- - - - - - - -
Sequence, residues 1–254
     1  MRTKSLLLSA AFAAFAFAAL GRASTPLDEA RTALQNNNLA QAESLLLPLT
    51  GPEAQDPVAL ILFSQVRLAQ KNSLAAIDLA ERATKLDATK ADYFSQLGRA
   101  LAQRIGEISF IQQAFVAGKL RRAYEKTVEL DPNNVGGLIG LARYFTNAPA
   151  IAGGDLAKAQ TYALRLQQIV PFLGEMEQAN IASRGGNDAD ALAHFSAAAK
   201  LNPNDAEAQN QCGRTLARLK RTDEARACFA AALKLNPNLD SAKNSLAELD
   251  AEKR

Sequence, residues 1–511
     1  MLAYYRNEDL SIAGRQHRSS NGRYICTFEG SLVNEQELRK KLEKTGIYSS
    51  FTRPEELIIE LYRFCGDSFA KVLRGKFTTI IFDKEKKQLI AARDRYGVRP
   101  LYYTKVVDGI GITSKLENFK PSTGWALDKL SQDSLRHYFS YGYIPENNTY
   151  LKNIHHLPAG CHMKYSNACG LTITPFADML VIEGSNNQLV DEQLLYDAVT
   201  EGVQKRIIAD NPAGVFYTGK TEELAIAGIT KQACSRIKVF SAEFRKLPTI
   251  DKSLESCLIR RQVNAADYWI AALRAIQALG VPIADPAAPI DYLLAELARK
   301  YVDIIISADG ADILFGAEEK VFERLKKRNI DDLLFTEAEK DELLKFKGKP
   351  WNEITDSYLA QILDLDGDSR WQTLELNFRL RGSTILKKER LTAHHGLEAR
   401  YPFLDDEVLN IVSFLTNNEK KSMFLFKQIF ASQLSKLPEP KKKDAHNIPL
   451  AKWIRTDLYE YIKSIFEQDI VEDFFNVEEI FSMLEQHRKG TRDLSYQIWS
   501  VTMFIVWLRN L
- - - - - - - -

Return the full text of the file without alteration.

Sequence, residues 1–254
     1  MRTKSLLLSA AFAAFAFAAL GRASTPLDEA RTALQNNNLA QAESLLLPLT
    51  GPEAQDPVAL ILFSQVRLAQ KNSLAAIDLA ERATKLDATK ADYFSQLGRA
   101  LAQRIGEISF IQQAFVAGKL RRAYEKTVEL DPNNVGGLIG LARYFTNAPA
   151  IAGGDLAKAQ TYALRLQQIV PFLGEMEQAN IASRGGNDAD ALAHFSAAAK
   201  LNPNDAEAQN QCGRTLARLK RTDEARACFA AALKLNPNLD SAKNSLAELD
   251  AEKR

Sequence, residues 1–511
     1  MLAYYRNEDL SIAGRQHRSS NGRYICTFEG SLVNEQELRK KLEKTGIYSS
    51  FTRPEELIIE LYRFCGDSFA KVLRGKFTTI IFDKEKKQLI AARDRYGVRP
   101  LYYTKVVDGI GITSKLENFK PSTGWALDKL SQDSLRHYFS YGYIPENNTY
   151  LKNIHHLPAG CHMKYSNACG LTITPFADML VIEGSNNQLV DEQLLYDAVT
   201  EGVQKRIIAD NPAGVFYTGK TEELAIAGIT KQACSRIKVF SAEFRKLPTI
   251  DKSLESCLIR RQVNAADYWI AALRAIQALG VPIADPAAPI DYLLAELARK
   301  YVDIIISADG ADILFGAEEK VFERLKKRNI DDLLFTEAEK DELLKFKGKP
   351  WNEITDSYLA QILDLDGDSR WQTLELNFRL RGSTILKKER LTAHHGLEAR
   401  YPFLDDEVLN IVSFLTNNEK KSMFLFKQIF ASQLSKLPEP KKKDAHNIPL
   451  AKWIRTDLYE YIKSIFEQDI VEDFFNVEEI FSMLEQHRKG TRDLSYQIWS
   501  VTMFIVWLRN L